Plants as living things


Key concepts of plants as living things

The activities in this topic are designed to explore the following key concepts:

Broad concepts of living things

  • There is no absolute definition of what we count as a living organism. The definition has changed over time. A living organism generally has a cellular structure, but viruses are currently counted amongst living things, and they do not.
  • Living things have a variety of characteristics that will be displayed to different degrees: they respire, move, respond to stimuli, reproduce and grow, and are adapted within a complex of living things within an environment.
  • When a plant is picked or cut, or an animal dies, some basic life process will continue to occur. There is no universally agreed answer to the question ‘Is it alive?’.
  • The way living things are classified has changed over time. Animals and plants are the main ‘kingdoms’, but fungi, mosses and viruses have their own separate kingdoms.
  • Animals are ‘consumers’ in that they ingest food to survive. Food provides the energy for life processes.
  • Plants are ‘producers’ and grow through the photosynthetic process by which carbon dioxide and water are used to produce starches (of which the plant material is made). Sunlight provides the energy to drive this process.
  • Animals and plants are further divided. A major category of plants is ‘flowering plants’ or angiosperms. These differ from conifers and ferns, for instance, in the way they reproduce. Animals include a multitude of organisms, from microscopic creatures, through insects, reptiles, mammals, and so on. These different organisms are all interconnected through an evolutionary history.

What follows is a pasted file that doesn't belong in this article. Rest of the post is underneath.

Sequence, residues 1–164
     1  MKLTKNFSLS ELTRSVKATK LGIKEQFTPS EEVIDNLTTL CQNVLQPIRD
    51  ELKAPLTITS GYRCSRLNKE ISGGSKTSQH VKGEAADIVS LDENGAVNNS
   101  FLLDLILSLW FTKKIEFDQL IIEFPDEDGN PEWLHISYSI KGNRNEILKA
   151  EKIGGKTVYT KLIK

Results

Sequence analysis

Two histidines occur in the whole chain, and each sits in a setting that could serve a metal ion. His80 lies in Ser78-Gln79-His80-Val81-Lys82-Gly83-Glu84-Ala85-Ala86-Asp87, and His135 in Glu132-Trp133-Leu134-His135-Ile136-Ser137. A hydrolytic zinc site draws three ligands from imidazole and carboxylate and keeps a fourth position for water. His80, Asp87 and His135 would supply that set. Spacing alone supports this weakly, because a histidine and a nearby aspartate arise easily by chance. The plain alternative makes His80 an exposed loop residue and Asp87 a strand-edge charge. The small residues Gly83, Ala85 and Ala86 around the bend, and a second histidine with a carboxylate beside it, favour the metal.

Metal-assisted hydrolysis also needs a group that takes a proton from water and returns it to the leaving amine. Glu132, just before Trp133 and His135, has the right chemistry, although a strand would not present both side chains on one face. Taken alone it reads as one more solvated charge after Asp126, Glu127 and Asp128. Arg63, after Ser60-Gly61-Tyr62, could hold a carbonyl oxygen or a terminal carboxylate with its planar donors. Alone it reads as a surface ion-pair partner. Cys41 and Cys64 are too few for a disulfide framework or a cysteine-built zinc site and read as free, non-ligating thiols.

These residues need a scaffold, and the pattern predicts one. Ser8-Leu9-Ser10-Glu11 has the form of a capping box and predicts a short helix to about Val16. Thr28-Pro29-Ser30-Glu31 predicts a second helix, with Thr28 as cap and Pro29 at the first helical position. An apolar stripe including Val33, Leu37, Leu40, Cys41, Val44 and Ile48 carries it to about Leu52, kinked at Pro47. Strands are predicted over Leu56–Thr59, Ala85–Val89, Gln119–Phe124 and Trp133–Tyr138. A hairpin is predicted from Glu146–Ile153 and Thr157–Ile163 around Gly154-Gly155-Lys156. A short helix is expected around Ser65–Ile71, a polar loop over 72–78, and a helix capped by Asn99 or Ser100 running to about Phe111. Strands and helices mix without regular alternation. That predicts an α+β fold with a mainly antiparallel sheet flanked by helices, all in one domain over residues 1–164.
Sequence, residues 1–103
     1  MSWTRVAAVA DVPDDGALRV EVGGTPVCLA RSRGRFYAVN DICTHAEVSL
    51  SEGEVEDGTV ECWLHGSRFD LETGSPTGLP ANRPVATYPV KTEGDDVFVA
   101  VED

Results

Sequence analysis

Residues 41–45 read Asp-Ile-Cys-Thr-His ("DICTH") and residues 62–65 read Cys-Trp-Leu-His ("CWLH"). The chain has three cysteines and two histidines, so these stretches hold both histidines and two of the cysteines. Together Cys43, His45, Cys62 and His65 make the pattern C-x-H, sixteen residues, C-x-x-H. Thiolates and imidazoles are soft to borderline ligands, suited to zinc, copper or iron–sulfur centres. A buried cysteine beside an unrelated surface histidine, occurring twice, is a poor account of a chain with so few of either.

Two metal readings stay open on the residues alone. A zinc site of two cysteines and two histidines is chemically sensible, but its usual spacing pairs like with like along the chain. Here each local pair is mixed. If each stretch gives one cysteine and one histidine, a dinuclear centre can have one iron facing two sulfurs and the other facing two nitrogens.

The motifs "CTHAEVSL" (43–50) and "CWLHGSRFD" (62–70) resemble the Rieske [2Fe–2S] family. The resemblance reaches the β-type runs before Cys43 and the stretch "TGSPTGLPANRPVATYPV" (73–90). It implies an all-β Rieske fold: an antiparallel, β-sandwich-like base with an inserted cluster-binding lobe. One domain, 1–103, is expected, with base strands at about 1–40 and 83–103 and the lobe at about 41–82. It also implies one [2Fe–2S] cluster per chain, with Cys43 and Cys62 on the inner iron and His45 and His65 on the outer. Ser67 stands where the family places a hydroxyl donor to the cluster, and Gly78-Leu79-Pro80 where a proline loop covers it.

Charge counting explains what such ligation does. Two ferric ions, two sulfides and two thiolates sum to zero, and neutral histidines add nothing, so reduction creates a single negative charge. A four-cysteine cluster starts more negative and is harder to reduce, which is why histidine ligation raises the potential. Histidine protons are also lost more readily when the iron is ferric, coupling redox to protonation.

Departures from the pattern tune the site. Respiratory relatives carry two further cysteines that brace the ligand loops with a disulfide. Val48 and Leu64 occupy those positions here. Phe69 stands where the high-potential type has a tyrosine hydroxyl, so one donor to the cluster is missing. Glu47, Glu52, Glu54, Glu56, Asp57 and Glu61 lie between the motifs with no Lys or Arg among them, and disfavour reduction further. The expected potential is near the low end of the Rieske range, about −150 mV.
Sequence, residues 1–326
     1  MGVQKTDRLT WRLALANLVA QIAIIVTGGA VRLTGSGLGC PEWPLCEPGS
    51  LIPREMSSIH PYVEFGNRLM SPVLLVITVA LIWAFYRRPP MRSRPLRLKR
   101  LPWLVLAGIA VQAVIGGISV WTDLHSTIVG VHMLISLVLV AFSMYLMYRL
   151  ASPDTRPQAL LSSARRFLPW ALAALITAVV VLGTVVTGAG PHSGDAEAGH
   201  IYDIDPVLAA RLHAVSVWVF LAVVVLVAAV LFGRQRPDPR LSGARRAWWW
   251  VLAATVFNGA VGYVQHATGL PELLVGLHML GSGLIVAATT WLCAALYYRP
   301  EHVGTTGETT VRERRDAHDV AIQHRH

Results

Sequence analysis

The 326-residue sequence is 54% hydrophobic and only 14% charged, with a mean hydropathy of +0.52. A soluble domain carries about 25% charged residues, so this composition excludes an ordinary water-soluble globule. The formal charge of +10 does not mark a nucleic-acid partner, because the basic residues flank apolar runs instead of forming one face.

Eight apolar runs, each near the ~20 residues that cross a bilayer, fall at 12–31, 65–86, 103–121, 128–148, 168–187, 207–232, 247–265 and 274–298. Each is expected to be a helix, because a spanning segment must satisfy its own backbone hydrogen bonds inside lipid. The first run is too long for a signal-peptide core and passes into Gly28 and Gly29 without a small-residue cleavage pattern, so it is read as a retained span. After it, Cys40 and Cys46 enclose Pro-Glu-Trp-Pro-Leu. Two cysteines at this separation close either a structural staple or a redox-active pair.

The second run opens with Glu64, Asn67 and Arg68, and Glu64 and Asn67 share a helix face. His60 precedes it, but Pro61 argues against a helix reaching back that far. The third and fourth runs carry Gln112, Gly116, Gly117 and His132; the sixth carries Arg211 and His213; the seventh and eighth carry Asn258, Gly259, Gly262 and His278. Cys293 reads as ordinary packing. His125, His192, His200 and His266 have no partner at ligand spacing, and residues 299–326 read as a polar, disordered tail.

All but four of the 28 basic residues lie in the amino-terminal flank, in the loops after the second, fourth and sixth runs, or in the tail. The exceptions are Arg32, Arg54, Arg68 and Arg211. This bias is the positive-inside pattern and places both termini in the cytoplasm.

Structure, function, adaptation of living things

  • Living things have various ‘structures’ that enable them to survive: transport structures in plants by which water and trace elements move; digestive structures and respiratory structures in animals; and reproductive structures.
  • Organism structures and behaviours should be seen in terms of their survival purposes.
  • Each organism is adapted to a particular ecological niche involving interdependence with other living organisms as well as dependence on non-biotic factors.

Flowering plants, seeds

  • The majority of plants on earth are flowering plants (this includes trees, grasses, cacti and other small plants, as well as the more obvious examples).
  • All flowering plants have a similar reproductive cycle.
  • The reproductive cycle is an important adaptation, and the formation and dispersal mechanisms for seeds (contained in fruit, pods or nuts) are varied.
  • Fruits are the outcome of a fertilised flower and contain seeds.
  • Conifers do not have flowers but produce seeds in cones.
  • Seeds:
    • need water to germinate
    • need the right temperature to germinate
    • vary in their rate of germination
    • form a significant part of the world’s food supply
    • are living.

Students’ alternative conceptions of plants as living things

Research into student’s ideas about this topic has identified the following non-scientific conceptions:

  • Students associate life with movement or action, so that a bicycle may be alive when it is being ridden.
  • Students associate life with power or effectiveness, including such things as the sun, fire, lightning, etcetera.
  • Students think that the purpose of flowers is to please or support other organisms, for instance bees, or humans (to make them look pretty).
  • Students do not understand the different reproductive (flowers, fruit, seeds), respiration (roots, leaves, stalk) or other structures of plants and can think of parts of the plant as the plant itself (e.g. a carrot is not thought of as the root of a carrot plant that may be flowering).
  • Students have a restricted view of which plants are flowering plants.
  • Students believe that plants take in food through their roots.
  • Students have a narrow concept of plants as things in pots, that may not include trees or grass.